Tag Archives: running

Ice Baths Are Not for the Weak!!

My running partner, Lauren, and I have had some pretty tough training runs over the past few weeks…so under the advisement of her boyfriend Zach, Lauren stepped into an ice bath for her very first time! As she told me today on our run…it was the absolute worst experience ever! I had to giggle as I know the pain all too well! Few can handle the ice bath, but those who do benefit!

(Photos of me in my own ice bath today; as well as Lauren eating pizza to make the time go by faster in hers!)

Here’s why:

The general theory behind this cold therapy is that the exposure to cold helps to combat the microtrauma (small tears) in muscle fibers and resultant soreness caused by intense or repetitive exercise.

  • After a workout, your body needs to “repair” itself to prepare for the next training session.
  • It does so with the help of blood vessels that bring oxygen to your muscle tissue while removing waste products of exercise — the most common being lactic acid.
  • Too much lactic acid build-up can cause your muscles to function poorly and will often lead to fatigue.
  • An ice bath will immediately reduce swelling while flushing lactic acid out of your body.
  • When you sit in an ice bath — or when you rub a cup of ice on the muscles you just trained — the cold causes your blood vessels to tighten.
  • This helps drain the lactic acid out of your tired muscles.
  • When you get out of the bath, your muscle tissue warms back up, causing a return of oxygenated blood to help your muscles recover.

So next time you are need of some relief for your sore muscles, try out your very own ice bath. Directs as follows:

  1. Pick up at least two or three 20lb ice bags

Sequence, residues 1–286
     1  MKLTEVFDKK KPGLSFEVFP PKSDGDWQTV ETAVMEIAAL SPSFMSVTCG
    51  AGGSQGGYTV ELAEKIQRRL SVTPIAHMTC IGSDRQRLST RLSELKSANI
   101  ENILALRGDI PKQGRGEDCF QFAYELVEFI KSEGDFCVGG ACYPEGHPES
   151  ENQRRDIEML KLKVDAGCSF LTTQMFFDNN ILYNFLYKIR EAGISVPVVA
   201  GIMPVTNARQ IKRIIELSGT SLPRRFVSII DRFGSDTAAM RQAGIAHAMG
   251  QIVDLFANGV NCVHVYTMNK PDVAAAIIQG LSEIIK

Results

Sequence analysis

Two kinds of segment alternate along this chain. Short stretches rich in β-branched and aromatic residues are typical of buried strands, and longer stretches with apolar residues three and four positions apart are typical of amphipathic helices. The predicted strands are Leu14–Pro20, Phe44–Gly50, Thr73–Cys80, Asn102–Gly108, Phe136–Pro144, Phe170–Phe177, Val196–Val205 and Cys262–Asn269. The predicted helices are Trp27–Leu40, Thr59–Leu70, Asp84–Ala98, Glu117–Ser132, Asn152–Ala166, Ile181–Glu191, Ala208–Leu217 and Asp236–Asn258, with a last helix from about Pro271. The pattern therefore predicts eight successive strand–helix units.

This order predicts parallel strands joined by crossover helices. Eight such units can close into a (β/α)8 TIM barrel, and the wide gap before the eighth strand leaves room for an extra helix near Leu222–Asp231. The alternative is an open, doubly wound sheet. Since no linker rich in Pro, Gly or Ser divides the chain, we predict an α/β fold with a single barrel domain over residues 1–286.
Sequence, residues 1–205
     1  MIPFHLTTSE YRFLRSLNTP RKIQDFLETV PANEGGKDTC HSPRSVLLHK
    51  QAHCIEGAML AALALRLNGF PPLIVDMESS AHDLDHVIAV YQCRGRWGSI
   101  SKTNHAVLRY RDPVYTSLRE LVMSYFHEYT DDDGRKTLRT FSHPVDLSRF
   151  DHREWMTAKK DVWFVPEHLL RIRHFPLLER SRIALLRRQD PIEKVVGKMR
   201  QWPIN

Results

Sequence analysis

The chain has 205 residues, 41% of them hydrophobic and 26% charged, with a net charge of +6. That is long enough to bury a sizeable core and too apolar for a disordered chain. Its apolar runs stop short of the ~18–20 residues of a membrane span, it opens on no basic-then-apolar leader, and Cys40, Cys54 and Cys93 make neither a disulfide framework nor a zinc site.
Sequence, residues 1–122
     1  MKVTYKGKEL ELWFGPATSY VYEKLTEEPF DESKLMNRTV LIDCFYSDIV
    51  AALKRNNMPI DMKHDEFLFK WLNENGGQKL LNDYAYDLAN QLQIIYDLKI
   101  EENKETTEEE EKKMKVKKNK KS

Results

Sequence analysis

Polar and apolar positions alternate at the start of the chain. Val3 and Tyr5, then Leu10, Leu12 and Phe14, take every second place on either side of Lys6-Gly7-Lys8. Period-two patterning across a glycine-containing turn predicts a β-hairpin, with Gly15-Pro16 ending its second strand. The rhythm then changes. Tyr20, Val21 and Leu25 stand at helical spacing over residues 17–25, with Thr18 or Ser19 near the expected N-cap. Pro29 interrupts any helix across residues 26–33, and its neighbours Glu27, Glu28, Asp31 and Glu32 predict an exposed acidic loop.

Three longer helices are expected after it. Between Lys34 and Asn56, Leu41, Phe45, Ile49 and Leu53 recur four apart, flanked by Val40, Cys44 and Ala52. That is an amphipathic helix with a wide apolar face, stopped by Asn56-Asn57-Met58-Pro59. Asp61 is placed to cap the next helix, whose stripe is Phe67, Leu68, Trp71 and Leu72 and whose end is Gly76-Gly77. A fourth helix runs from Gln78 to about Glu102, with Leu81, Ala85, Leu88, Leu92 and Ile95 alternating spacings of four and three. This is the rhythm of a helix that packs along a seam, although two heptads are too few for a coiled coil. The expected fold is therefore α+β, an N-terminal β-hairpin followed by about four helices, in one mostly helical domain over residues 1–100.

2. Fill bath up with cold water about 50%
  3. Dump in ice baths
  4. Jump in yourself and force yourself to stay in there for 10 minutes
  5. Tips: Go in fast…the slower you do it, the longer it takes for your legs to go numb. Wear a sweatshirt or towel on your upper body to keep you warm / bite when you need to scream!
  6. Have fun!!!

Wondering: Is Acupuncture for you?

I talk a lot about acupuncture on this blog…mainly because I am a fan! It has worked numerous times throughout my running career – when I thought all bets were off on an injury.

It has come to the point, as of late, that I get acupuncture treatments on the regular to keep all aches and pains at bay. If you are wondering if acupuncture is for you, here is more information on the treatment (courtesy of my acupuncturist Carlos Restrepo):

“Acupuncture improves balance and removes energy (Qi) blockages. When applied to an specific area increases the blood flow in the tissues promoting the body’s self healing process.”

Carlos (and Acupuncture) in the news:

Sun-Sentinel: Cupping draw attention after Olympics

The Palm Beach Post: Should you pin your pain relief on acupuncture?

The Palm Beach Post: Holistic Healing

Are Your Runs Suffering From Summer HEAT?

Great article from the NY Times with detailed research and studies